Coding for Children and Young Adults in Libraries

128p. (Practical Guides for Librarians). index. photos. Rowman & Littlefield. Jul. 2018. pap. $65. ISBN 9781538108666.
This valuable resource for public librarians considering implementing coding programming kicks off with a history of the practice, listing luminaries from Ada Lovelace, the original computer programmer, to Mitch Resnick, the pioneering creator of the kid-friendly language Scratch. Harrop suggests that librarians learn to code themselves and provides guidelines and resources for further education, but a basic description of how coding works keeps the facts clear and simple for the non–scientifically minded. The author explains the merits of visual and text-based programming languages and how appropriate they are for different age groups. Thoughtful arguments discuss why to teach coding in public libraries. Beyond the acquisition of technical ability, Harrop notes, coding also develops critical thinking and problem-solving. The work also mentions apps and other texts, such as picture books. The chapter "Coding Unplugged" offers ways to teach skills through music, art, and toys and games. The meatiest section, on integrating coding with making, includes detailed ideas involving robots, programmable micro-controllers, and creation kits that are available commercially. The book ends with tips on reaching women and those from underrepresented groups, encouraging community and school partnerships.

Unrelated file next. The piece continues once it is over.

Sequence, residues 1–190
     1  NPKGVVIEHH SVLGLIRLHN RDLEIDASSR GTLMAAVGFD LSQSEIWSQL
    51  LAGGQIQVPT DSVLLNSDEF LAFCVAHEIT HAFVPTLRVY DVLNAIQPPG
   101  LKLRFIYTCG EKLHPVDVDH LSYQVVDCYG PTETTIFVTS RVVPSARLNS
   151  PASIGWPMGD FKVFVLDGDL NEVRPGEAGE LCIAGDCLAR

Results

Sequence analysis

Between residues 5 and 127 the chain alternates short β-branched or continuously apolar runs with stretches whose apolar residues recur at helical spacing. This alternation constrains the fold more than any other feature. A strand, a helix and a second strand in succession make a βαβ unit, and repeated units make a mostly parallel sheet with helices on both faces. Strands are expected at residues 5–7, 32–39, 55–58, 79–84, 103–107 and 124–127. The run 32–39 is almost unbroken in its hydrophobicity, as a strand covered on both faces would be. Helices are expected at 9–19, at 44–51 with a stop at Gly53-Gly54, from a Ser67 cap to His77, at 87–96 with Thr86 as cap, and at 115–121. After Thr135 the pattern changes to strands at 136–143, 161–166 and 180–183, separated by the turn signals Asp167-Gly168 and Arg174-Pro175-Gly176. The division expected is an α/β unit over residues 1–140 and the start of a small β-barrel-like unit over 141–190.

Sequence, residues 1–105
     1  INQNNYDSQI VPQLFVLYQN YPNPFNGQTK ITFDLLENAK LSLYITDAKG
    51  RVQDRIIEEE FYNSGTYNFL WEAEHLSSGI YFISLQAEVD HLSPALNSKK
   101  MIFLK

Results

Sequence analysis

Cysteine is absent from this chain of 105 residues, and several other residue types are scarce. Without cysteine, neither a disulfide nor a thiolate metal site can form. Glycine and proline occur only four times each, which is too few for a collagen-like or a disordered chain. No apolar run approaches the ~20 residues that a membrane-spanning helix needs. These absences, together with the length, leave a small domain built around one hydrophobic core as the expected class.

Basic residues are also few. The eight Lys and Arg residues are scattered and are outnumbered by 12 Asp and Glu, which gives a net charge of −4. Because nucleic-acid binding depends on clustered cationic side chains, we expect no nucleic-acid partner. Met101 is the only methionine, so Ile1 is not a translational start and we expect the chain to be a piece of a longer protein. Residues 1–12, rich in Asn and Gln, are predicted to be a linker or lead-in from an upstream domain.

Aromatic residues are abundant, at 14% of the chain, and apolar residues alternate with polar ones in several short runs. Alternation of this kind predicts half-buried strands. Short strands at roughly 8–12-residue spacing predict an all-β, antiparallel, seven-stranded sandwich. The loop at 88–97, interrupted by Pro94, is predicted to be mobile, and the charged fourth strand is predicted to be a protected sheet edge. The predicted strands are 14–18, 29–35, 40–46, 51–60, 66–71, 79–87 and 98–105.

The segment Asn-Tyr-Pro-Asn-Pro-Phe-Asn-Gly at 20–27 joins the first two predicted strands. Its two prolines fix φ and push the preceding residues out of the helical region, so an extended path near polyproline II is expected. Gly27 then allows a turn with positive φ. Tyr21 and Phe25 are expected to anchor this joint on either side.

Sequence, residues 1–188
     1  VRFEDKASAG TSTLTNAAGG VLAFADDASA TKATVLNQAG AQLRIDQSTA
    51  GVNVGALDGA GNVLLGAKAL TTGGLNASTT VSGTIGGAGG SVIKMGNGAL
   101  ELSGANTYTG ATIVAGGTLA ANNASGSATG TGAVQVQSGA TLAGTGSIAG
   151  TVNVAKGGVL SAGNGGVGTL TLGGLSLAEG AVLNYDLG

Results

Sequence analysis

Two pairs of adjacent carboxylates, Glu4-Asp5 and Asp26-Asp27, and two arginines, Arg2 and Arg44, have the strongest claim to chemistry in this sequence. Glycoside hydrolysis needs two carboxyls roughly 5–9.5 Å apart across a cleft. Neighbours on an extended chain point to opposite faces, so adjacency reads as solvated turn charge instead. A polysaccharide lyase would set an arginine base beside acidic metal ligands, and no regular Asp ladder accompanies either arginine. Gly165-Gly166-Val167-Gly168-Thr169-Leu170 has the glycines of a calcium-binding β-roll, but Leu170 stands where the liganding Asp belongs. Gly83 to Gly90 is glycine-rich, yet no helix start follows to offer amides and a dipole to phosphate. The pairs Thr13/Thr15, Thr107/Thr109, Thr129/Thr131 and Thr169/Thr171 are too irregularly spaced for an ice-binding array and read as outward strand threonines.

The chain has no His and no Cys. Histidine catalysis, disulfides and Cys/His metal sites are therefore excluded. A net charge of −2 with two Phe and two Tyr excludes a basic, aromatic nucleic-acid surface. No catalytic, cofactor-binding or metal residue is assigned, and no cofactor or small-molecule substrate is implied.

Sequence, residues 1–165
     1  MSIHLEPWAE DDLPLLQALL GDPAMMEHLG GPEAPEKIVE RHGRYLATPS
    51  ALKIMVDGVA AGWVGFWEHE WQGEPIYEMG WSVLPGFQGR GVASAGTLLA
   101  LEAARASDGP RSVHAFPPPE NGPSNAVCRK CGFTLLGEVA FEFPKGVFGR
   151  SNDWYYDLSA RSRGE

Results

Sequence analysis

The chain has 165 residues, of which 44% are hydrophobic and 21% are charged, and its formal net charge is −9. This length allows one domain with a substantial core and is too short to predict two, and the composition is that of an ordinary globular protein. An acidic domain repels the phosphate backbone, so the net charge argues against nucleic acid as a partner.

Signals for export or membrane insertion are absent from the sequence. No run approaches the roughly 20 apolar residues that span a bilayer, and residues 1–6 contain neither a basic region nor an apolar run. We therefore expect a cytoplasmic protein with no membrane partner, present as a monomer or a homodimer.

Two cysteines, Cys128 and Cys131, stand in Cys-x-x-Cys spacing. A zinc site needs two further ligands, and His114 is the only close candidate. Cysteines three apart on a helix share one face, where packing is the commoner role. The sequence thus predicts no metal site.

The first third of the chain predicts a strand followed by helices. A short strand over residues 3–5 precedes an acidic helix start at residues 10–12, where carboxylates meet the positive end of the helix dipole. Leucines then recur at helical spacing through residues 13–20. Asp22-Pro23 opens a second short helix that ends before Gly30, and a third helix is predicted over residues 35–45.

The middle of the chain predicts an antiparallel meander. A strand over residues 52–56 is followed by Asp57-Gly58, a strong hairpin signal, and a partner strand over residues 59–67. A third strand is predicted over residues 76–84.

VERDICT Public librarians curious about the importance of coding should pick up this title.

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